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Army November 12, 2009
By WO2 Graham McBean
A RADICAL new policy for the
career management of senior non-
commissioned soldiers is to help
warrant officers being promoted
to WO1 and beyond serve to the
compulsory retirement age.
CA Directive 37/09 details the
new concepts to develop a competi-
tive employment offer to accommo-
date the anticipated longer lifespan
of the average military career.
Career development will con-
tinue to be based on performance
against peers but the new system
better manages alternative options
for senior soldiers to serve in mean-
Lt-Col Michael Rozzoli, Career
Management Group SCMA, said
the new system formalised the pre-
vious ad hoc arrangements.
He said with reduced minimum
time-in-rank requirements a soldier
could now possibly reach WO1 by
aged 29 and better management of
career alternatives for soldiers not
competitive for higher RSM/WO1
duties was needed.
"What the policy does is maxim-
ise opportunities for trade and regi-
mental soldiers as well as provid-
ing extended service opportunities,"
Lt-Col Rozzoli said. "Instead of
Band 1: WO2s are offered promotion
on open-ended engagement (OEE).
Band 2: WO2s are offered a fixed
period of service (FPS) initially for nine
years. The only difference between this
promotion and a promotion on OEE is
the defined period of service with FPS.
The warrant officer remains widely
employable and will be considered for
further advancement along the WO1
tiered continuum. Additionally, the
WO1 is eligible for an extension of FPS.
Band 3: WO2s in Band 3 may be
offered a limited tenure promotion
(LTP). LTP provides for the promotion
of members who have skills relevant
to a particular position at WO1, but not
necessarily the skills to enable wider
employability at the WO1 rank. Tenure
will be limited to the duration of a
WOs to play on
coming to a spot where Army runs
out of meaningful jobs it is able to
apply the provisions of the extended
service list (ESL) and shape some
soldiers into other education and
The new directive essentially
consolidates separate initiatives
made to senior soldiers' career poli-
cy throughout the past decade.
One new policy initiative, howev-
er, is a band system that WO2s will
be assigned to on promotion, not
unlike lieutenant colonel to colo-
nel. Band 1 warrant officers will
be offered open-ended engagement.
Band 2 are offered a fixed period of
service initially for nine years and
considered for further employment
at the end of the nine years. Band
3 might be offered a limited tenure
The directive states that on
completion of the initial six-year
WO1 appointment, competitive
WO1s will move to a higher tier of
appointment or be offered another
position at their current level.
"Those WO1s who are not com-
petitive for a further tiered appoint-
ment will then be considered under
the provisions of the ESL."
The intent of the ESL will be to
manage the career options of those
warrant officers to either serve until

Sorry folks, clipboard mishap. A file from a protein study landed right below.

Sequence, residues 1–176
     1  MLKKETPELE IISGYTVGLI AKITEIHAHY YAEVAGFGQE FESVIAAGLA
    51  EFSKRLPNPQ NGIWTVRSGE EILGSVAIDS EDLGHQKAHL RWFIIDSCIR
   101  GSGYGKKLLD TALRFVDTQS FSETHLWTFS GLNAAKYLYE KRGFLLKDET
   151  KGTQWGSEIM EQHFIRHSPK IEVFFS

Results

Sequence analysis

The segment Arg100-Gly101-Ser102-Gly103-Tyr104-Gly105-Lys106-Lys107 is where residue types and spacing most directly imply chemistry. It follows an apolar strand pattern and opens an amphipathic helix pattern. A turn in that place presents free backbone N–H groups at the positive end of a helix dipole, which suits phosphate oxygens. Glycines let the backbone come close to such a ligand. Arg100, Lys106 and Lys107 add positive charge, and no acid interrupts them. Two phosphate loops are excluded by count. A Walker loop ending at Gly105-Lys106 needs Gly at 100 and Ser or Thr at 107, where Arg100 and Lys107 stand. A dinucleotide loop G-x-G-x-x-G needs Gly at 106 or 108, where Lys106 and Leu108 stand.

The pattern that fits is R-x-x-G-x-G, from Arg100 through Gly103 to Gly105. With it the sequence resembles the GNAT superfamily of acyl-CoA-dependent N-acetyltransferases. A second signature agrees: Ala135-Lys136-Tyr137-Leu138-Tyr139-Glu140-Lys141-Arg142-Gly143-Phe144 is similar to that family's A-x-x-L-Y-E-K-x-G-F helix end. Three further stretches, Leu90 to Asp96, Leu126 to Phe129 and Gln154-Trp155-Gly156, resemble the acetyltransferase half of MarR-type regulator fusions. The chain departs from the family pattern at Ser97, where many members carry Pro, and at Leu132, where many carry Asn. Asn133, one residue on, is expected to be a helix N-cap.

retirement age or reach a point
where they need to make a decision.
Lt-Col Rozzoli said most warrant
officers would notice little change.
"If senior soldiers keep out of the
bottom 7-10 per cent in terms of
performance and utility of employ-
ment, then life should be pretty
much the same," he said. "But it is
a choice various senior soldiers will
need to make with their eyes open."
CA Directive 37/09 is available on the
intranet on the CA's home page.
By WO2 Graham McBean
ONE lucky person was tickled pink
after winning Commander 1 Div's park-
ing space for two weeks, in a raffle to
support breast cancer.
A joint operation at HQ 1 Div to raise
awareness of breast cancer enlisted pink
hot dogs to raise $1600 for the Queensland
Cancer Council. Maj-Gen Mick Slater
donated his car parking space as one of
the fundraising prizes.
The triservice effort was organised by
Selina Karjalainen and long-time 1 Div
employee Yvonne Mionnet, known uni-
versally as Inky, who was diagnosed with
breast cancer in October last year.
Although the disease had spread to her
liver and bones, she has made an astonish-
ing recovery, which friends and colleagues
attribute to her remarkable optimism.
Ms Mionnet and Ms Karjalainen can-
vassed local businesses to provide prizes
for a monster raffle held on Pink Hot Dog
Day on October 23.
A local bakery came through for the
cause by providing pink bread rolls for the
fundraising morning tea.
Ms Mionnet said she had received tre-
mendous support from work colleagues
and outstanding medical treatment, and it
was time to give something back.
"The day was about all the other
women out there that are going through
breast cancer now -- there are about 30
women a day who get diagnosed with the
disease," Ms Mionnet said.
"We live in hope, which is a small
word, that a cure will be found one day
and if today's event can contribute towards
that goal then it will be a debt repaid."
Maj-Gen Slater said raising awareness
of breast cancer was an important goal
Pink dogs fly at 1 Div
but it was only when someone close was
affected that the real cost of the disease
"Inky is a special woman and she is
one of our own," Maj-Gen Slater said.
"Many of us here have been involved
with women who have suffered from
breast cancer -- just about everyone has
been touched somewhere along the line.
"We are all just thankful she has had
a remarkable recovery and now, for Pink
Ribbon Day, to use the morning tea to get
everyone else motivated."
The Pink Dog Day drew members of
1 Sig Regt, 16 Avn Bde and CSG-B to
the court yard of HQ 1 Div for the morn-
ing tea and monster raffle.
Information on donating to breast cancer
research or organising your own fundraiser is
available at http://www.nbcf.org.au/
Colourful day: Yvonne Mionnet pins
a pink ribbon on Maj-Gen Mick Slater.
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